Meaning of Borders in GalCiv III

Posted on Monday, June 2, 2014

I recently started a thread about building starports outside of your own zone of control and it raised another question that I want to address without derailing the original thread:

What does zone of control mean in your eyes? To me there are 2 possibilities and conflating them causes some problems.

1)      The represent political boundaries and function basically like national boundaries in present day society. This means that the controlling entity has the right to govern all the land and people within their borders. Everyone within the borders are subject to the laws and taxation of the government of the controlling body. Foreign commercial traffic is generally allowed, but may be taxed. Foreign military traffic is generally forbidden unless specific arrangements are made. Once an area is within a specific country’s borders it can generally only be changed by military action or uprising by the people in that area. Of course those uprisings may be orchestrated by foreign powers (see Crimea).

2)      They represent a sphere of influence. This is a much more nebulous idea, but again can certainly be seen in the modern world. In this conception, your zone of control is the area in which yours is the dominant culture. Within this area your country’s arts, literature, media, and entertainment are pervasive, as is most likely your language. Through these outlets your ideology, values, and morals also come to be dominant. In extreme cases, especially if the government in an area has opposing values and ideology, this may result in popular uprisings. More commonly it reaps economic and political benefits: money flows into your country as other’s consume your products, and local governments are more open to trade and other interactions.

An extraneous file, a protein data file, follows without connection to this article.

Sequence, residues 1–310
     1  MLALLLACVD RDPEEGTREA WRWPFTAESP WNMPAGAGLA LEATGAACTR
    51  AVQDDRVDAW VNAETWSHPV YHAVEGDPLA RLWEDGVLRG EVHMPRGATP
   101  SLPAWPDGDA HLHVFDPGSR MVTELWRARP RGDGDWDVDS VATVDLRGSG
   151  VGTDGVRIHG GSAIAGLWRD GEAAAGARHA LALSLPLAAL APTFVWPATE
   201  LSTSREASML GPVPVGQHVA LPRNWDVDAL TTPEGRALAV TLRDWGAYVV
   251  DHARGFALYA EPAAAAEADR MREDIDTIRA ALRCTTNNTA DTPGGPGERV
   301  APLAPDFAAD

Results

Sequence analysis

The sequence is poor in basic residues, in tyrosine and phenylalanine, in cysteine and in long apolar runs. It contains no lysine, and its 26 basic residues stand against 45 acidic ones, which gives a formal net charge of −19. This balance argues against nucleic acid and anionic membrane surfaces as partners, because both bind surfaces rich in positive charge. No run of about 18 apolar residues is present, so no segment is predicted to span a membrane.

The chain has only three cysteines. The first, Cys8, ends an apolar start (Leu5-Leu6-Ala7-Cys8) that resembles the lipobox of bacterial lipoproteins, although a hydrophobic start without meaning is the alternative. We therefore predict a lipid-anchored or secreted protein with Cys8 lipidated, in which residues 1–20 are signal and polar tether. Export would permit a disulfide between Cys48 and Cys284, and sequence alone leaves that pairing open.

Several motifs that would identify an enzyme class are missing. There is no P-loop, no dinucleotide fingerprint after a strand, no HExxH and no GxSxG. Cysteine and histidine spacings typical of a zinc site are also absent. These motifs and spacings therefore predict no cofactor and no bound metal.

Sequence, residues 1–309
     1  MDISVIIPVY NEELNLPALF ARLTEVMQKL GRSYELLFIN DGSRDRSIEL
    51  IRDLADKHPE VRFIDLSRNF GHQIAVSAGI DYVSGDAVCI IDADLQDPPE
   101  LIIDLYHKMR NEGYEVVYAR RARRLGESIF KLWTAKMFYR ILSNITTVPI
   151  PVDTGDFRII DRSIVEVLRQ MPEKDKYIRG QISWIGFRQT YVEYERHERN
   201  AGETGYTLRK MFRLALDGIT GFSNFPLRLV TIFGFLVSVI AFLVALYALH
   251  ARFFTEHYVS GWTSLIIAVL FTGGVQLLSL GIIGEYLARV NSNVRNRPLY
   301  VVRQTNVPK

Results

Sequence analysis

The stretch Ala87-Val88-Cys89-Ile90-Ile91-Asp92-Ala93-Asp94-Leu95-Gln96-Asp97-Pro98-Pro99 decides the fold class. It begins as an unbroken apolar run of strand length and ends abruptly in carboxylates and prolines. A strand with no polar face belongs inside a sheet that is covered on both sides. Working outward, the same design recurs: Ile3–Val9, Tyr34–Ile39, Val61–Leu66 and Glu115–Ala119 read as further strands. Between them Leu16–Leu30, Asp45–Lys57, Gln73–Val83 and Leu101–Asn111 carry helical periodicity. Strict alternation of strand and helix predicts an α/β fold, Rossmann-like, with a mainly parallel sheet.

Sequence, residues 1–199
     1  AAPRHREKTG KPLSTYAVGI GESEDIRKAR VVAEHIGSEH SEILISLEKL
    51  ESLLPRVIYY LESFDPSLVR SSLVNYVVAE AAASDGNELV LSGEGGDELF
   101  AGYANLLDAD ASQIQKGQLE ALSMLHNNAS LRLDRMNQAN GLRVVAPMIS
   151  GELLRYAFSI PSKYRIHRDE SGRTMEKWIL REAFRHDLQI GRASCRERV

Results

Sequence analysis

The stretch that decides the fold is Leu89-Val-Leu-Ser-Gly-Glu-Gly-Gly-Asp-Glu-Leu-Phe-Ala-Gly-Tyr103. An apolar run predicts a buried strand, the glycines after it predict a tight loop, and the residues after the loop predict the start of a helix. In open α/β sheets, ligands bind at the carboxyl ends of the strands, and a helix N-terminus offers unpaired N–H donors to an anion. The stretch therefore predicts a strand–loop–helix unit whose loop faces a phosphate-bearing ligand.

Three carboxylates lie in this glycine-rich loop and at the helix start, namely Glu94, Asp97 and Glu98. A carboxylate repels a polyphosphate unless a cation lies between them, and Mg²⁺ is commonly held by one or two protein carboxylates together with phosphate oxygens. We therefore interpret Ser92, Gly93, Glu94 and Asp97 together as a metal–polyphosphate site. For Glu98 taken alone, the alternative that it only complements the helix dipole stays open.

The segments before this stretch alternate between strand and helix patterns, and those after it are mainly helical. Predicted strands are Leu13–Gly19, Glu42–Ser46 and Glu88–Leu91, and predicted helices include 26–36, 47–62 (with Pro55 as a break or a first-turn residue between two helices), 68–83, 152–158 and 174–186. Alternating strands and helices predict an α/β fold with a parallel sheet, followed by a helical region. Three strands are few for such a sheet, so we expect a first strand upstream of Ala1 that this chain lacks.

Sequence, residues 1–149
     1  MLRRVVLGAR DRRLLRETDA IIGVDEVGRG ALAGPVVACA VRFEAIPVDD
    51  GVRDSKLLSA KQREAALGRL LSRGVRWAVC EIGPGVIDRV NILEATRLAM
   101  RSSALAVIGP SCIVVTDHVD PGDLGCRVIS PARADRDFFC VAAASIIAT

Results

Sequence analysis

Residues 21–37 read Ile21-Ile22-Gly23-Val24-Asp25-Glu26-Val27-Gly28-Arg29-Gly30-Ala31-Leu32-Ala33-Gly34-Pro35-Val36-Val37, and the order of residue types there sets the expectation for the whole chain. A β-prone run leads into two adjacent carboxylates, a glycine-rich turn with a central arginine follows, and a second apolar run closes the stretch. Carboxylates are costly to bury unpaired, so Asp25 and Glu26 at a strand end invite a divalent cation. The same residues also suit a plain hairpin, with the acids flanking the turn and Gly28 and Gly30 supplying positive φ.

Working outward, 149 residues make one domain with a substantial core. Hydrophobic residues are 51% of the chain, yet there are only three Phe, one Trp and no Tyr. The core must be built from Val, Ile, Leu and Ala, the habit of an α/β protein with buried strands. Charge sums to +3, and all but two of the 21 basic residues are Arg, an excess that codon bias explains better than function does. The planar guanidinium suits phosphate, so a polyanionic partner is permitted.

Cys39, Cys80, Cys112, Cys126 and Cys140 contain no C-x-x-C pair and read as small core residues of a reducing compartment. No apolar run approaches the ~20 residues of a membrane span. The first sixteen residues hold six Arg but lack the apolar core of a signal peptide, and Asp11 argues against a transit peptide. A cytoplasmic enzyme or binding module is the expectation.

One of the issues with the borders in GalCiv II is that these two distinct ideas get muddled. For the most part, the game mechanics seem to adhere to #2, though there are notable exceptions; but the map sure looks like a modern political map, suggesting #1.

I don’t have a good answer. At first pass, political borders seem more clear and easier to deal with, especially when it comes to your internal narrative for your game. On the other hand, in a game where influence is an important force, influence borders can be super important, and often more significant than political borders.

What do you guys think? Should the borders in GalCiv III be politically or influence based or something else?  What would you like Stardock to do to clarify what zone of control means in GalCIv III?